The Javone Prince Show, TV review - A racially astute comedy show from a young talent who deserves to be a star

The sketches were mostly observational nuggets, and many of them could only have been made in Britain

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The Independent Culture

The UK has fallen behind the US when it comes to racially astute sketch comedy. Over there, they’ve got Key & Peele (the origin of Luther, President Obama’s fictional ‘anger translator’, who popped up during this year’s White House Correspondents Dinner) and more recently Why? With Hannibal Buress. Over here, we once had The Real McCoy (1991-96) and Goodness Gracious Me (1998-2001), but there’s been little in recent years, until last night’s debut of The Javone Prince Show.

Prince is currently best known to comedy fans as one half of the slick salesman double act Jerwayne and Ashley on Channel 4’s cult sitcom PhoneShop. Since PhoneShop’s third series, Ashley aka Andrew Brooke has had a role in Channel 4’s Babylon, but the channel evidently passed on Prince’s sketch show, leaving it up to the BBC to support this young talent. Can this new six-part sketch show turn him into the household name he deserves to be?

In keeping with the Inside Amy Schumer trend, this wasn’t a straightforward sketch show, but rather a collection of sketches framed by a variety show set-up, filmed in front of a live audience. Prince approached the stage to loud cheers, then berated his announcer (a white guy with an embarrassing fondness for Jamaican “jive talk”) and attempted matey banter with British soul act Omar, the stoney-faced leader of his house band.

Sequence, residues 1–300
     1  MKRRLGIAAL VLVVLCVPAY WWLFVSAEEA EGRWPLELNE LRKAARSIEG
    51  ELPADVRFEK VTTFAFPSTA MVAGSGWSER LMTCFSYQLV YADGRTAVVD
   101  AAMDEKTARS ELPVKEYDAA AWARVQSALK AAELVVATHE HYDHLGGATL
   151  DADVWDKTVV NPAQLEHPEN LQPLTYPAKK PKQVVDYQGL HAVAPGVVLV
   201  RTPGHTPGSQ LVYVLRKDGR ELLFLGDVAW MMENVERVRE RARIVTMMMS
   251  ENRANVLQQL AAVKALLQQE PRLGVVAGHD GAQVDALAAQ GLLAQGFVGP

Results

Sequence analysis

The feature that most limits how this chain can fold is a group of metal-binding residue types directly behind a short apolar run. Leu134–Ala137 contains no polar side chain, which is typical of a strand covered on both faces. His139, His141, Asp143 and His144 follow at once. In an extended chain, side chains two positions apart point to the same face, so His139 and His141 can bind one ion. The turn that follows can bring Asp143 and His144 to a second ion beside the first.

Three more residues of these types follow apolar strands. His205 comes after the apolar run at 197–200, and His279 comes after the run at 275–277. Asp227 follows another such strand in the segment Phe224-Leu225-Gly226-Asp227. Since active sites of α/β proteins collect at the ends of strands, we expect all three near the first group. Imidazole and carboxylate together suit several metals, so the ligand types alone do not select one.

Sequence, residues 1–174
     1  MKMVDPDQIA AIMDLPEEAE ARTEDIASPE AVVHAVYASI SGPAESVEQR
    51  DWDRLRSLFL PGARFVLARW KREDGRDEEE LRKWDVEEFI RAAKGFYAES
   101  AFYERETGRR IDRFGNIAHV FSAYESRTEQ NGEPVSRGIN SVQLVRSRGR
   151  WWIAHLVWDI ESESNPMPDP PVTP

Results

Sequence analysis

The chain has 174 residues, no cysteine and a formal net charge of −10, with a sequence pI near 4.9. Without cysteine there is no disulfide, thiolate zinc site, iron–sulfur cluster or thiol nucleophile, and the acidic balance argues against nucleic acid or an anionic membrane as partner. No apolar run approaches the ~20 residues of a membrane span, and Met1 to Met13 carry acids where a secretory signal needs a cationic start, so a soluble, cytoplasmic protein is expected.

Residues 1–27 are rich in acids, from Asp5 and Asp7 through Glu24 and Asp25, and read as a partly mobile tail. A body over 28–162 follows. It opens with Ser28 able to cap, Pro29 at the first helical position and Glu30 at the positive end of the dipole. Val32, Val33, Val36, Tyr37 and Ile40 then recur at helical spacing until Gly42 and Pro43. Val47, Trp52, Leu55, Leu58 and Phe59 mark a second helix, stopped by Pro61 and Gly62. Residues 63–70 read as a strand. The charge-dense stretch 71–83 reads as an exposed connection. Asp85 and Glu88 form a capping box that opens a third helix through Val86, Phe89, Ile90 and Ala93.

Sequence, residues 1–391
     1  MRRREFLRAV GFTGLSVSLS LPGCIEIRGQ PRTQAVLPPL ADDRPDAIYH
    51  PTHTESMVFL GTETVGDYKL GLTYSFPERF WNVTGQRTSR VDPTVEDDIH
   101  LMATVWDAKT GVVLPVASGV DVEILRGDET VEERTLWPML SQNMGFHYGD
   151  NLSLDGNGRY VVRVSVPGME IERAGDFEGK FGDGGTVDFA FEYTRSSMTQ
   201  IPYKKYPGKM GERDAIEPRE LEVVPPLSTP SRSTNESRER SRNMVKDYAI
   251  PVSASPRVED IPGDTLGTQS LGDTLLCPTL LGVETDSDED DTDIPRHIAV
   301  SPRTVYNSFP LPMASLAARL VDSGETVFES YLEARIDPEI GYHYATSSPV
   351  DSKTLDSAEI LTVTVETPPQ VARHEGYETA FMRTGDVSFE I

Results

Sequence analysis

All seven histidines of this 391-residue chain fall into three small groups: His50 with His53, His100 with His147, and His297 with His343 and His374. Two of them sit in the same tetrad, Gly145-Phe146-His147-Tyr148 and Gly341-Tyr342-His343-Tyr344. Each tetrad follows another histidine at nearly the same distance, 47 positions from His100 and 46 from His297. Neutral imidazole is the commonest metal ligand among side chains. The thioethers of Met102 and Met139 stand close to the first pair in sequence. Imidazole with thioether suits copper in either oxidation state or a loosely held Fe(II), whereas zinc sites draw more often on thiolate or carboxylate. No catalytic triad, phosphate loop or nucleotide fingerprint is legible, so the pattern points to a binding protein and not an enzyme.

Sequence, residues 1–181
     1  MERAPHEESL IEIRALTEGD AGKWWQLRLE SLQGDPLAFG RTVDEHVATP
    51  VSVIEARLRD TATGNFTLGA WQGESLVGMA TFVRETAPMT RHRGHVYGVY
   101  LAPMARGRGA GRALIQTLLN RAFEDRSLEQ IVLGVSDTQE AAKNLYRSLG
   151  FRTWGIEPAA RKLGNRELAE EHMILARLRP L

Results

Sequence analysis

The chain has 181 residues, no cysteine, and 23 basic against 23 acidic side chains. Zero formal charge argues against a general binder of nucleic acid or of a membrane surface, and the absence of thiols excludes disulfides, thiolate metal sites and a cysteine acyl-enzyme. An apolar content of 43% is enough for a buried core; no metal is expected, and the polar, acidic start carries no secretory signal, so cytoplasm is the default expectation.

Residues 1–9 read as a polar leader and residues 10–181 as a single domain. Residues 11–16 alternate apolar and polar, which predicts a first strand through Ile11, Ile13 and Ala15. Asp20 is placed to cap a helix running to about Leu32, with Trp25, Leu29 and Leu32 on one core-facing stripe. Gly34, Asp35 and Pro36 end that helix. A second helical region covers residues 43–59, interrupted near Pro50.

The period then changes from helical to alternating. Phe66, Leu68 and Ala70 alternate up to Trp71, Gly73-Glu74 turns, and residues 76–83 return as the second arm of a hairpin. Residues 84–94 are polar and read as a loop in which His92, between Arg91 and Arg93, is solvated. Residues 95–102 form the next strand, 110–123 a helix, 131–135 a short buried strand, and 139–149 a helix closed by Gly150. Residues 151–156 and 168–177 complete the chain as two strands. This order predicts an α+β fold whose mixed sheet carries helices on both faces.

Prince has no shortage of either energy or charisma, but it wasn’t quite enough to prevent the show from flagging during a performance from Mica Paris. I wouldn’t be surprised if the musical interludes were ditched in any subsequent series.

It’s the sketches themselves that are the show’s strength. These were mostly observational nuggets, unashamedly aimed at a young-ish metropolitan audience, and many of them could only have been made in Britain. The first set the tone nicely with a riff on police stop-and-search techniques, reimagined as a classic BBC period drama. Another was the reality TV and Sloane-life spoof “Made in Peckham”, while a third poked fun at rip-off releases from “1000  per cent” rubbish grime MCs.

Television may only just be cottoning on to the fact, but black people have been living and working in this country for hundreds of years. That was just one of the intriguing details of 17th-century life brought artfully to the fore by the slo-mo, black-and-white and heavily soundtracked stylings-of-archeology documentary, London’s Lost Graveyard: the Crossrail Discovery.

In a city of our capital’s size and age, we’re always walking on the graves of our ancestors, but it’s amazing what was revealed when these bones were dug up from the recently uncovered Bethlem Burial Ground in Liverpool Street last year.

One Museum of London archaeologist theorised that a worn big toe bone indicated repetitive strain injury from continuously operating a foot pedal as some kind of craftsman and Dr Matthew Green was the authority on the 17th-century vice trade. He revealed that sex workers of the period were variously known as “roses” (hence the name of former red-light district Rose Alley in Bishopsgate) or “geese”, which brought us to the fate of poor, unfortunate, syphilitic John Price: “He came looking for geese and he was bitten by a goose,” was Dr Green’s solemn conclusion.

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